Originally Posted by Fourputt
Would you rather that they said simply that they did it for what they perceive as being "for the good of the game?" That's really all the reason that they need. Any other explanation is just to attempt to satisfy the cynics. Most serious golfers can see exactly what they are talking about when they say that anchoring takes some of the skill and challenge of freely swinging the club out of the game. Why do you think that players like meenman are so adamant that they won't give up the broomstick, and in fact will hold it in such a way that nobdy can actually tell if they are cheating or not? Apparently, they don't want to be challenged by the game.
The real reason for the rule is to try and preserve what is left of that challenge after all of the modern equipment modifications have made other facets of the game easier.
I'm not trying to re-open the debate. I am saying that anchoring didn't seem to be an official problem until professionals who anchor started winning major championships. That doesn't have anything to with the golf I play, or the golf that my 40 million recreational companions play. The authorities could easily have bifurcated the rule, but chose not to. We have baseball and softball, tackle football and touch football, we can have two kinds of golf.
One thing that is "for the good of the game" is to make it easier for the millions of golfers who aren't very good and just want to have fun, and also for the thousands of golfers who have physical limitations that make bending over to putt difficult or painful. Golf is a recreational sport. It belongs to the ~40 million amateurs who play it for recreation, and not the the relative handful who play it for a living.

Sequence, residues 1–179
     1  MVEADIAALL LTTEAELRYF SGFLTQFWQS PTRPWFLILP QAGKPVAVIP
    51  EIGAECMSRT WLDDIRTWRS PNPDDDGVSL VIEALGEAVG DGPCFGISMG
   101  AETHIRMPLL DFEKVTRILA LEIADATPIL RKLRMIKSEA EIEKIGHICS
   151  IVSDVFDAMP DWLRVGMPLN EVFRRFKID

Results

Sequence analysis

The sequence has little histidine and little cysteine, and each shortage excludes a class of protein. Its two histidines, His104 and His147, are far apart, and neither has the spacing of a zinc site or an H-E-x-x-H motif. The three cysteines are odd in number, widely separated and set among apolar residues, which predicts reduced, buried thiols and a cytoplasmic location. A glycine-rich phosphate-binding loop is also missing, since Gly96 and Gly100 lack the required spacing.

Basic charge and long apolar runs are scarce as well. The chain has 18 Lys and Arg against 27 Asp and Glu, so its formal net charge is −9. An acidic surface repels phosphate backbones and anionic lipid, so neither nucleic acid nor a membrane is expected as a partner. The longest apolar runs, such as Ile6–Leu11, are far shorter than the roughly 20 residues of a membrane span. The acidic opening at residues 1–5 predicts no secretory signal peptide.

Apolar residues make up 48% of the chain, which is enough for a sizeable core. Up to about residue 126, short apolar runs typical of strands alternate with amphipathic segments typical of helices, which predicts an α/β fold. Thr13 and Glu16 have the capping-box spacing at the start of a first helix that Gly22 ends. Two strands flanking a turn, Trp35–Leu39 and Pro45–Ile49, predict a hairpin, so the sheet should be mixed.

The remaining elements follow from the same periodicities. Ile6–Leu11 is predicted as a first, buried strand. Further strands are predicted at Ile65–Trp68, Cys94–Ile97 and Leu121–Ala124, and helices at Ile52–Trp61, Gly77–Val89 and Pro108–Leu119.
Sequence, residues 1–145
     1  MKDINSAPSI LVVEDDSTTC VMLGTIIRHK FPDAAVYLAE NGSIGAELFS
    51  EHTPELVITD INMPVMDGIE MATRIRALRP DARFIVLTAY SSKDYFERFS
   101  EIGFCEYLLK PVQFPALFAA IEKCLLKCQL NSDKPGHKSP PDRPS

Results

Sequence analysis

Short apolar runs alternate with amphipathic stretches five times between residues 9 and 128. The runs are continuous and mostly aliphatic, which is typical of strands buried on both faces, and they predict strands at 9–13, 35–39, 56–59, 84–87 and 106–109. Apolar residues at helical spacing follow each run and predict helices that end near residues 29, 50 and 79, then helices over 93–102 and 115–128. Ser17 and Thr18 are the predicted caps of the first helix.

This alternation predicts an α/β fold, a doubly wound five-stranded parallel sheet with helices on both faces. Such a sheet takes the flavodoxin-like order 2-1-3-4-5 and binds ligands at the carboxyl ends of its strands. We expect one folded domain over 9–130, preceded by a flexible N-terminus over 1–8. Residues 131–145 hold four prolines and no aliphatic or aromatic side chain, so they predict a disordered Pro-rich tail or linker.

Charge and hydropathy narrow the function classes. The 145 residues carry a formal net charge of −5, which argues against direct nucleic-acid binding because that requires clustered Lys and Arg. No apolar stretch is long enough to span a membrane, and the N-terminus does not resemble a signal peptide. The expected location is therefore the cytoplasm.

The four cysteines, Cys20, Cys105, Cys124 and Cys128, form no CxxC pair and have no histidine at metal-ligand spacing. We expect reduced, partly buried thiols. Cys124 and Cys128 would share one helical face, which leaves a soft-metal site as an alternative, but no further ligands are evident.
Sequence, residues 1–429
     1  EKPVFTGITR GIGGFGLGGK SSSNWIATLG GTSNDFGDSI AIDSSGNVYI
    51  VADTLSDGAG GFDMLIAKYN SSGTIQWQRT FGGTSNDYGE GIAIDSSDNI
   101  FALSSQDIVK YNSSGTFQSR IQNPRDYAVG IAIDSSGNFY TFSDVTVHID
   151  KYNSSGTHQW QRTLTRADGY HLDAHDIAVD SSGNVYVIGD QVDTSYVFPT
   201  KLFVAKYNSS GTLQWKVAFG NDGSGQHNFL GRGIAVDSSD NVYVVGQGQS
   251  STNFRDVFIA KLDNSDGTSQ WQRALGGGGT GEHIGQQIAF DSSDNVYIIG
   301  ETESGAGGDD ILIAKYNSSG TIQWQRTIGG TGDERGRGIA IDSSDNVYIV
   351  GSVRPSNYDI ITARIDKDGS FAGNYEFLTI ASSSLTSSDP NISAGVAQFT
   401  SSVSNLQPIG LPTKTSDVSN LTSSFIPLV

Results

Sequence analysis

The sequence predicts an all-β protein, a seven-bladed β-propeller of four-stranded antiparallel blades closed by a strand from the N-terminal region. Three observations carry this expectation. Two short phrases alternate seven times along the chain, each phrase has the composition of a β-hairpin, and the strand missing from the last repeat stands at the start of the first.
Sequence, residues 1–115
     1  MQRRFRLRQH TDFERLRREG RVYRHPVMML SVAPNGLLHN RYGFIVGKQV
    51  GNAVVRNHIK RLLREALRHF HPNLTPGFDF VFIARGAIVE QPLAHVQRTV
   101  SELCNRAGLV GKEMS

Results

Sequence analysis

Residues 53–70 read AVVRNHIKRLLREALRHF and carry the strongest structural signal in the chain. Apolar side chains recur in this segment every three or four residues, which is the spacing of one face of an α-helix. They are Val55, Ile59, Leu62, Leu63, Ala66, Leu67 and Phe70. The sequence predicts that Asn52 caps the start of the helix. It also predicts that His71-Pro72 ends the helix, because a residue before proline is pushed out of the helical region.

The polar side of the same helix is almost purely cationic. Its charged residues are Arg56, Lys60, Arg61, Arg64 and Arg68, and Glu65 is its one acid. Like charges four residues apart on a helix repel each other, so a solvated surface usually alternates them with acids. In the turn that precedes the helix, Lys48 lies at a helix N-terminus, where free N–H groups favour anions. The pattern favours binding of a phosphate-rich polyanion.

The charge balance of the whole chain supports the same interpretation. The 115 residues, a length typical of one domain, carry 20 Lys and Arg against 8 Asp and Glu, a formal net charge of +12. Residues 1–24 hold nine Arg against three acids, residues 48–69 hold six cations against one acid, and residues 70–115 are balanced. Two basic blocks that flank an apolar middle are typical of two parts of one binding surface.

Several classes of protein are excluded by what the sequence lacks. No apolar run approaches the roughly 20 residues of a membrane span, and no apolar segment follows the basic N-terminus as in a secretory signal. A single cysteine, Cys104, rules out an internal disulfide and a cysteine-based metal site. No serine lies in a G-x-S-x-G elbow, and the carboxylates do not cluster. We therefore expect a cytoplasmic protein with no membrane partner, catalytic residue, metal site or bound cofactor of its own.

To the point they made, which you brought up about skill and challenge, so does using a driver with which you can hit the ball all over the clubface and still get something out of the shot, as opposed to the dime-sized sweet spot on a wooden driver that you had better hit or else. So do golf balls that are aerodynamically tuned. So do putters (of "traditional" style) that are structurally balanced to make it easier to keep them square and on line. So does using Gene Sarazen's sand wedge instead of the pitching wedge to get out of a bunker.
If they don't ban those, why did they ban the anchored stroke? Because it looks funny. The same reason the croquet putting was banned. Bobby Jones had a hissy fit because he thought it didn't look like golf, and that was that. Add on because professionals who anchor were winning too many major championships, and there you have it.
Believe me, hitting the ball straight is still a challenge. Chipping close is still a challenge. I tried anchoring for a while, and all it did was give me a different challenge.